An Indonesian man checks the price of fuel after filling up

The Indonesian government is planning to raise the price of gasoline from April 1. Observers fear the move will not only have a far-reaching impact on the country’s economy, but also on the poor. The government’s decision to raise the price of gasoline has angered people in a number of cities across Indonesia. From Jakarta to Makassar, Yogyakarta and Pontianak, there have been public protests with an increasing number of people speaking out against the price hike.  “If the prices rise, down with the government,” read some of the placards held by demonstrators, who refuse to accept the decision to raise the price of gasoline from 4,500 ($0.49) rupiahs to 6,000 per liter.

The initial announcement has come as a surprise, as it was not planned in 2012’s budget but parliament is expected to approve the hike next week.
“According to our own data, and also data provided by many institutions, the recent decision of the government to increase the price is not really urgent and is thus unacceptable,” said Eva Kusumasundari of the opposition Indonesia Democratic Party of Struggle (PDI-P).
However, Evita Legowo, director general of oil and gas at the energy ministry, defended the plans, citing a worldwide rise in petroleum prices.
“In the last three months, the price of crude oil has been higher than we expected. That is why we hope they will say yes to the price rise.”
As gasoline is subsidized in Indonesia, the government hopes to cut its budget deficit by receiving an extra 17 trillion rupiah through move.
Indonesian students shout slogans during a demonstration

People have taken to the streets to demonstrate against price hikes.

Impact on the economy and the poor.

However, observers fear the increase will have a negative impact on the economy leading to an increase in the price of most goods and causing people to dig deeper into their pockets. Economists say there will most likely be a slowdown in growth.  Arianto Patunru, director of the Institute for Economic and Social Research of the Department of Economics at the University of Indonesia, does not expect long-term inflation however.  “Experience tells us there will be inflation, but as it normally goes in Indonesia, it will die out after three months.”  He is more worried about the government’s indecisiveness on whether there will be a price hike or not, which is “having a psychological impact on the market. That’s why the prices of many goods are rising.”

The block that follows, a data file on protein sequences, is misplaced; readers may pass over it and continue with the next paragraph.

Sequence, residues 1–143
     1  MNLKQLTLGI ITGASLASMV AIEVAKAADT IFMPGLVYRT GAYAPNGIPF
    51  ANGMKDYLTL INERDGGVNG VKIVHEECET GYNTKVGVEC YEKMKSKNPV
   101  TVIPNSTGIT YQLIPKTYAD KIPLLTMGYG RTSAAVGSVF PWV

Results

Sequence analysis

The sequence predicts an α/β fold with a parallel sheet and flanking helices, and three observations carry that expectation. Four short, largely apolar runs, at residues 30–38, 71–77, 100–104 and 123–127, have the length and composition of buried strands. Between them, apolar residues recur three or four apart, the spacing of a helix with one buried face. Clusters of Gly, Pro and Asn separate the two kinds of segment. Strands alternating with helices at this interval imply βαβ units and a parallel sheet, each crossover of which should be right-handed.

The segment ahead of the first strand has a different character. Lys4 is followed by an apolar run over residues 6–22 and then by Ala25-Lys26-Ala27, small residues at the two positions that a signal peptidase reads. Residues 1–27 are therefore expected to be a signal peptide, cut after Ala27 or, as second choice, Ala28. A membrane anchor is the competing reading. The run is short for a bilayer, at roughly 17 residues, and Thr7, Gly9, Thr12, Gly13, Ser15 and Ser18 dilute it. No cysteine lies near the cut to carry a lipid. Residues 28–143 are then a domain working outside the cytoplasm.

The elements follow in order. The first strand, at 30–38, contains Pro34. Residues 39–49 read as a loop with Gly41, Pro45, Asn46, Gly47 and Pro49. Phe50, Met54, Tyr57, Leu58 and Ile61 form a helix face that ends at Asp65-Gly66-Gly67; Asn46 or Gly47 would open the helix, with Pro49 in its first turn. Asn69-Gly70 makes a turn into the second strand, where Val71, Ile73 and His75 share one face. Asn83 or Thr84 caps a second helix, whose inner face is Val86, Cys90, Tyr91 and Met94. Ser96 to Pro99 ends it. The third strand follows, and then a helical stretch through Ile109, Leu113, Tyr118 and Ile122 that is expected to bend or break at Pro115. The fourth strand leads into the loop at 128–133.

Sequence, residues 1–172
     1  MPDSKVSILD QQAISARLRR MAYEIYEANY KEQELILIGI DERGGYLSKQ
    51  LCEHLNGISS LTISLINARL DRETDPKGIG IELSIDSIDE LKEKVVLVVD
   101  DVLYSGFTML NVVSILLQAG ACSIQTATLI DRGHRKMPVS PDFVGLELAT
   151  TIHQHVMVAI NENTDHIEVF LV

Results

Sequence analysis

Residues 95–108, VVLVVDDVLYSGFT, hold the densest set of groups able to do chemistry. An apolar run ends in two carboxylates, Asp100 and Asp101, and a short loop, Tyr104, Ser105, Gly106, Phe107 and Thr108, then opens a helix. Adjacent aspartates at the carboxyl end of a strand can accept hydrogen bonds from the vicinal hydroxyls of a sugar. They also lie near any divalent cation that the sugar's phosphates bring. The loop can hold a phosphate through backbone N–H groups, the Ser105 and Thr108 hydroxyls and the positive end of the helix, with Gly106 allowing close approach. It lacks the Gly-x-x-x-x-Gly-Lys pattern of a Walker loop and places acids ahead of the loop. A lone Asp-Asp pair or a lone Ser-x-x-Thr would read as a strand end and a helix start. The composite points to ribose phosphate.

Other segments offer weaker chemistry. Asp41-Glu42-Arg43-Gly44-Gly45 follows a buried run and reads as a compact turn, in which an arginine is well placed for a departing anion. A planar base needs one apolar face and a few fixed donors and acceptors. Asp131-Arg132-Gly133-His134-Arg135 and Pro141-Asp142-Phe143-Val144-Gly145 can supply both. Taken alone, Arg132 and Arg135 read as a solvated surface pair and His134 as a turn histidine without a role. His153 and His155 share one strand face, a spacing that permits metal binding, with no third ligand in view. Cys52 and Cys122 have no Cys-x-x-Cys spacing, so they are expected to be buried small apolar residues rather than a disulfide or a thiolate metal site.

Ita, a student from the Balinese city of Denpasar, says she has already noticed the changes: “Food prices are rising but wages remain the same. Once again, it is the poor who will be hardest hit,” she says. Although all Indonesians will feel the pinch, life will become even more difficult for those 18 million who are living on or below the poverty line. According to a study conducted by the University of Indonesia, an increase in gasoline prices would plunge 2.4 million more people into poverty. Finance Minister Agus Martowardojo recently increased the projected poverty rate for 2012 from 12.5 to 12.8 percent.  As a counter-measure, the government has promised 25 trillion rupiahs in direct help to poor households. Each household is to receive a monthly payment of 50,000 rupiahs ($5.45) for a total of nine months in addition to other aid such as rice and reduced ticket rates for public transportation. Critics accuse the government of introducing these measures to bribe the poor.

An Indonesian man sells petrol at a streetside stand

The rise in the price of gasoline is expected to create millions of new poor people
National Budget: Gasoline has been subsidized in Indonesia for over 20 years and the price for one liter there is currently below that of the international market price. Indonesian President Susilo Bambang Yudhoyono already came up against resistance in 2005 for adjusting gas prices. And a hike in gasoline prices is what caused the dictator Suharto to resign from office. “We agree that hiking the retail oil price is not a popular policy, but balancing the national budget and protecting people on low incomes from the price hike is important. We hope with better understanding of the people, this policy can be understood and accepted,” said Evita Legowo. Parliament is due to make a decision next week. If it sanctions the price hike, public support for the government is highly likely to decrease drastically. Protests have been announced for April 1 in 33 provinces.

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